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How long does it takes to begin nutrition support in the ICU?

Introduction

Nutritional support is very important in critically ill patients and many studies have been performed trying to optimize the nutritional therapy and to minimize the muscular catabolism of this group of patients.

Objective

The present study demonstrated how long it takes to begin and to complete nutritional support in critically ill patients in the ICU, compared with clinical and surgical patients, and analyzed the complications and the causes of discontinuation of nutritional support in the ICU.

Materials and methods

A prospective analysis of 85 patients (32 women and 53 men), 68 clinical and 17 surgical diagnoses, admitted to a 41-bed ICU from July 2004 to February 2005. The present study analyzed the time to begin and to complete nutritional support, the reason for discontinuation, the complications and the position of the catheter to provide the nutritional support.

Results

The patient APACHE II score was 16.6 and 17 for surgical and clinical patients, respectively. The time to begin nutrition support was 3.52 and 2.1 days for surgical and clinical patients, respectively. The clinical patients had a gastric catheter in 51 patients and a catheter in the jejune position in 17 patients. The diet used was polymeric in 60 patients and oligomeric in eight patients; discontinuation of nutrition occurred in nine cases (13.4%) (four mesenteric ischemia, three hemodynamic instability, one oral nutrition and one gastrointestinal hemorrhage), and diarrhea occurred in 20 patients (29.41%), but it was auto limited and the average was 1.61 episodes/day. Gastroparesis occurred in 14 patients (20.6%) but all of them except one resolved in 1 day without needing a change of the catheter position and without relation to the catheter position. Eighteen patients died (26.47%). The surgical patients had a gastric catheter in 10 patients and a catheter in the jejune position in seven patients; discontinuation of nutrition occurred in three cases (17.64%) (two mesenteric ischemia, one hemodynamic instability), and diarrhea occurred in eight patients (47%), but it was auto limited and the average was 3.05 episodes/day. Gastroparesis occurred in four patients (23.5%) but all of them resolved in 1 day without needing to change the catheter position; all of them were related to hemodynamic instability. Four patients died (23.5%).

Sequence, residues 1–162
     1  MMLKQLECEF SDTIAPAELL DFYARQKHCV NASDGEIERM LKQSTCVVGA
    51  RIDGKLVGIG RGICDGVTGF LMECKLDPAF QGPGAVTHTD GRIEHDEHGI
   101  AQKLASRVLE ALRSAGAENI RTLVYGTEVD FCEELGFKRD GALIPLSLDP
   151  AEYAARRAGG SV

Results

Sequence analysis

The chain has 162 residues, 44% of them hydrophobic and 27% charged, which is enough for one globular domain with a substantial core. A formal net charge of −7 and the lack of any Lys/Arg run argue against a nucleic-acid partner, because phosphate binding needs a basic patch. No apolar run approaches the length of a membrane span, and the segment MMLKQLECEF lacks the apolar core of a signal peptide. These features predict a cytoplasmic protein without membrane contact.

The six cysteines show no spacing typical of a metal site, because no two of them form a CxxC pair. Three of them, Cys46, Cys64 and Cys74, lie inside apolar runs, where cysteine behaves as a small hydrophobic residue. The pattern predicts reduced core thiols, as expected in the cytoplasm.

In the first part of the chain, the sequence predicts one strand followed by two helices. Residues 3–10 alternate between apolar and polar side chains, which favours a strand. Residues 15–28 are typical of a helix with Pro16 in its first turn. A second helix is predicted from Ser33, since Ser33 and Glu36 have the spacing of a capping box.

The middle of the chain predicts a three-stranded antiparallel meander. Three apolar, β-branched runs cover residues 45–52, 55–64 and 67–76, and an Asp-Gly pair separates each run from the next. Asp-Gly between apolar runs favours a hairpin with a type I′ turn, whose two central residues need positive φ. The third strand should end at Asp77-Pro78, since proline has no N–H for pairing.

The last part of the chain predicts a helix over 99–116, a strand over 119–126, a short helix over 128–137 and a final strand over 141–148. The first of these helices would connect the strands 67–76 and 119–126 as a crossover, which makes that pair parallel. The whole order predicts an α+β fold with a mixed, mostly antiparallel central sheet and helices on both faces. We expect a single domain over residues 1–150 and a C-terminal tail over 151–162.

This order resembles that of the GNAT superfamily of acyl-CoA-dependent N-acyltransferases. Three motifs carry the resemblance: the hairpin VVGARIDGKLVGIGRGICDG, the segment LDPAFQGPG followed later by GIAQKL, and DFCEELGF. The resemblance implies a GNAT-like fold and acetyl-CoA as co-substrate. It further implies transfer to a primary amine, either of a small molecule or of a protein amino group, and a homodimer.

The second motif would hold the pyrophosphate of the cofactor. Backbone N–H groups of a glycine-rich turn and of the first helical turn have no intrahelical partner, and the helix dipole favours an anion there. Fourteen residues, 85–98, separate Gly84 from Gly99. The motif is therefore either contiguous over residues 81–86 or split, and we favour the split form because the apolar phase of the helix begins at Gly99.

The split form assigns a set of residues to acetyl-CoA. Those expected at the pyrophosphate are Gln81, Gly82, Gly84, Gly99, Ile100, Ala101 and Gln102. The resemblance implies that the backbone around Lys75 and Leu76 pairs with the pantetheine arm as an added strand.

Conclusion

The time to beginning nutrition support was shorter in the clinical group compared with the surgical group in spite of complete nutritional support in surgical patients being shorter. We did not observe too many complications and the majority received the nutritional support proposed. Diarrhea was more prevalent in the surgical group but was not involved in discontinuation of nutrition. The mortality was similar in both groups.

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Belo, C., Rodrigues, M. How long does it takes to begin nutrition support in the ICU?. Crit Care 9 (Suppl 2), P98 (2005). https://doi.org/10.1186/cc3642

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  • DOI: https://doi.org/10.1186/cc3642

Keywords

  • Catheter
  • Diarrhea
  • Nutritional Support
  • Hemodynamic Instability
  • Clinical Group